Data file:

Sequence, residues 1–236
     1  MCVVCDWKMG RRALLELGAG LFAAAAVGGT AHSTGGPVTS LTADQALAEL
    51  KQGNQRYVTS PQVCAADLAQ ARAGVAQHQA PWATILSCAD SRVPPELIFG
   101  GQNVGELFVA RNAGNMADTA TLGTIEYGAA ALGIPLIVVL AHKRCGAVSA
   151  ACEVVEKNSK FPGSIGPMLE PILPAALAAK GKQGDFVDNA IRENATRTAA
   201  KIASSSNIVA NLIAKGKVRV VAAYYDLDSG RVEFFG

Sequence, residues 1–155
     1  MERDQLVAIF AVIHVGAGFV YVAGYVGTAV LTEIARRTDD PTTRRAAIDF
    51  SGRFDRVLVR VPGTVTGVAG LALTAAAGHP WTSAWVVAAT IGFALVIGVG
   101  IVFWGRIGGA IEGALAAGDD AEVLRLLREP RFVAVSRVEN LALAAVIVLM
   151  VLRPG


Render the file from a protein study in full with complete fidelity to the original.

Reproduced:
Sequence, residues 1–236
     1  MCVVCDWKMG RRALLELGAG LFAAAAVGGT AHSTGGPVTS LTADQALAEL
    51  KQGNQRYVTS PQVCAADLAQ ARAGVAQHQA PWATILSCAD SRVPPELIFG
   101  GQNVGELFVA RNAGNMADTA TLGTIEYGAA ALGIPLIVVL AHKRCGAVSA
   151  ACEVVEKNSK FPGSIGPMLE PILPAALAAK GKQGDFVDNA IRENATRTAA
   201  KIASSSNIVA NLIAKGKVRV VAAYYDLDSG RVEFFG

Sequence, residues 1–155
     1  MERDQLVAIF AVIHVGAGFV YVAGYVGTAV LTEIARRTDD PTTRRAAIDF
    51  SGRFDRVLVR VPGTVTGVAG LALTAAAGHP WTSAWVVAAT IGFALVIGVG
   101  IVFWGRIGGA IEGALAAGDD AEVLRLLREP RFVAVSRVEN LALAAVIVLM
   151  VLRPG